Picture a speeding criminal on the run who discovers a police cruiser behind him with its lights flashing. The driver rolls down the window and gently lets go of a handheld drone capable of going quite fast and firing a gun. While driving, he uses a smartphone to maneuver the camera-equipped drone next to the tire of the police cruiser where it fires a single shot, which incapacitates the vehicle.
After dealing with this incident, the police department is forced to develop a policy that entails the deployment of drones that can’t fire weapons but are capable of interfering with other drones by knocking into them. After all, few municipalities will be like the one in Montgomery County, Texas, a 500,000-population city neighboring the Houston metropolitan area, which is OK arming its drones. I predict most police departments will be concerned about lawsuits resulting from drones killing someone inadvertently.
Meanwhile, criminals will soon realize a single flying gadget won’t help them so much and will be drawn into a drone arms race, requiring each side to ramp up their drone numbers to win any encounter. Expect drone-based murders to likely take place in the dark, as these devices have night-vision and humans do not. Once criminals discover the drone is a near-perfect murder weapon, they will start to invest in these devices and subsequently pull off murders without getting caught. Gang and mob warfare will be taken to the next level as drone hits on one group will be retaliated with counter drone attacks, and we’ll potentially see drone wars in the streets between sparring groups.
In turn, police will have to counter with more drones to constantly handle surveillance from the air.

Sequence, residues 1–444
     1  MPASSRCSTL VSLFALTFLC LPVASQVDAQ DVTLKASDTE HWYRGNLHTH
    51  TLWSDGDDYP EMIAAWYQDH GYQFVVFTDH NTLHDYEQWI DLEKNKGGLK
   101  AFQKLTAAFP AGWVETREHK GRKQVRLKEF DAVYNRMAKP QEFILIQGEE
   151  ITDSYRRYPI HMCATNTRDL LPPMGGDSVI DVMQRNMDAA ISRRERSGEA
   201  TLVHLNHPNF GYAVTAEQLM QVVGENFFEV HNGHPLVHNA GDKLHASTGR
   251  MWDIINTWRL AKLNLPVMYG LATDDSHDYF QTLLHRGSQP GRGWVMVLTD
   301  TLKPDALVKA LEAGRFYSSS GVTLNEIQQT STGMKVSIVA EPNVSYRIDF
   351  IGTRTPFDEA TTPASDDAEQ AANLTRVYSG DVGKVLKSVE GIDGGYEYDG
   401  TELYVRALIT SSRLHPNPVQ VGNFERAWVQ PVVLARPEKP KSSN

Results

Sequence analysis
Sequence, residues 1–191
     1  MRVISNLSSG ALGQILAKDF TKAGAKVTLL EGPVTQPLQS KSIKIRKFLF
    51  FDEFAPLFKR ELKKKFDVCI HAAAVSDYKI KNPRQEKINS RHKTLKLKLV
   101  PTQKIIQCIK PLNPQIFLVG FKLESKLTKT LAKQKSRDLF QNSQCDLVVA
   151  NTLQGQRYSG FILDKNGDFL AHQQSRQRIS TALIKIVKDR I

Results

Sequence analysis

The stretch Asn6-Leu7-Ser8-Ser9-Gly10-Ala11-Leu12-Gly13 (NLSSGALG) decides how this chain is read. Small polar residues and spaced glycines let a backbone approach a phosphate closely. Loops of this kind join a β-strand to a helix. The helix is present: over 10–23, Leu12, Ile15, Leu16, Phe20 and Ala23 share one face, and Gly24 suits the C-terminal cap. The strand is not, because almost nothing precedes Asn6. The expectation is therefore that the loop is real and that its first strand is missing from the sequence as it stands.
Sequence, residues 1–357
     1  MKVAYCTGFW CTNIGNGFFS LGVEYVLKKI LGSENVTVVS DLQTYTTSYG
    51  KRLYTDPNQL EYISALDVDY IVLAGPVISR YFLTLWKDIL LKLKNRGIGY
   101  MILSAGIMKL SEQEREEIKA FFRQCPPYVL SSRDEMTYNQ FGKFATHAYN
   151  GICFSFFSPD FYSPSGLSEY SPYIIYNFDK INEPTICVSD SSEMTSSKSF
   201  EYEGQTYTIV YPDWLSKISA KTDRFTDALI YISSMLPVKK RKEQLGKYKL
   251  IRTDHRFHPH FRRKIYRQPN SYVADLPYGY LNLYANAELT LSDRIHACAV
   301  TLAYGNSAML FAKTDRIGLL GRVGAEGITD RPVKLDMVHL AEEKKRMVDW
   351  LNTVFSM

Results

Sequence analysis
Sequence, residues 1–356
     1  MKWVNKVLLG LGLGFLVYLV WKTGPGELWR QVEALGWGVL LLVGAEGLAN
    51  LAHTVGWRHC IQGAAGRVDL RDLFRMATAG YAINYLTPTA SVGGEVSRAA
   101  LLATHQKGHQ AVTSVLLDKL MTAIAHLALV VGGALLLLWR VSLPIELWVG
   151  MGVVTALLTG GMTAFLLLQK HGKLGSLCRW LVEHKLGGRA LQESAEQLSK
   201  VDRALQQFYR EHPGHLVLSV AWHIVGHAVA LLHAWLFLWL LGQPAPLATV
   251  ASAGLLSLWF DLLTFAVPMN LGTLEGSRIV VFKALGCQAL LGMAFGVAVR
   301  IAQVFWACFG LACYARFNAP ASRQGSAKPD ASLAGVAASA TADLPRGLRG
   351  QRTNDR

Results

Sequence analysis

This future may seem farfetched, but it is not. It is possible to develop drones with virtually all of these capabilities today. As battery and drone technology gets better, I am 100 percent certain that virtually all of these scenarios will take place around the world.
Politicians will likely move to outlaw such devices, but society will soon realize getting a small lightweight plastic 3D printed gun onto a drone won’t be that difficult to do. In fact, you will likely be able to print out the entire device on your 3D printer. Once you add a battery, some electric motors and bullets or explosives, you're good to go.
Assuming these drones have cellular connections on them, they could beam back everything they see to their owner who could pull the trigger at the right time. Alternatively, face recognition could be used to zone in on the target. Even scarier, once a drone believes it is near its target, it could initiate a cell phone call and zone in on the ringer before delivering its payload. Suicide drones, which explode on impact, already have been used in war by the U.S. Army. Adapting them to civilian use is quite easy.
The drone threat may soon be coming to a neighborhood near you. It just came to one near me. Just 20 miles or so from TMC (News - Alert)'s Norwalk, Conn., headquarters the other day someone was arrested for trying to fly a drone with a bomb on it into a school and federal building. The implications are massive. Policing in two dimensions with metal detectors doesn't help when we live in a world with three-dimensional threats!
Nonetheless, excitement and activities around drones continue to build.
The recent NAB event in Las Vegas was awash in cameras, lenses, mounts and talk of 4K but what I found most fascinating were the hundred-plus drones on display. They also seemed to capture much of the attention from attendees at the show. Of special note was the fact that drones were being sold by companies with huge booths as well as the smallest of the small.
The point is the cost to make a drone is fairly low and reselling OEM drones is also fairly easy to do. This market will soon be highly commoditized. That, of course, ties into my ongoing concern regarding drones being used as weapons.
Edited by Stefania Viscusi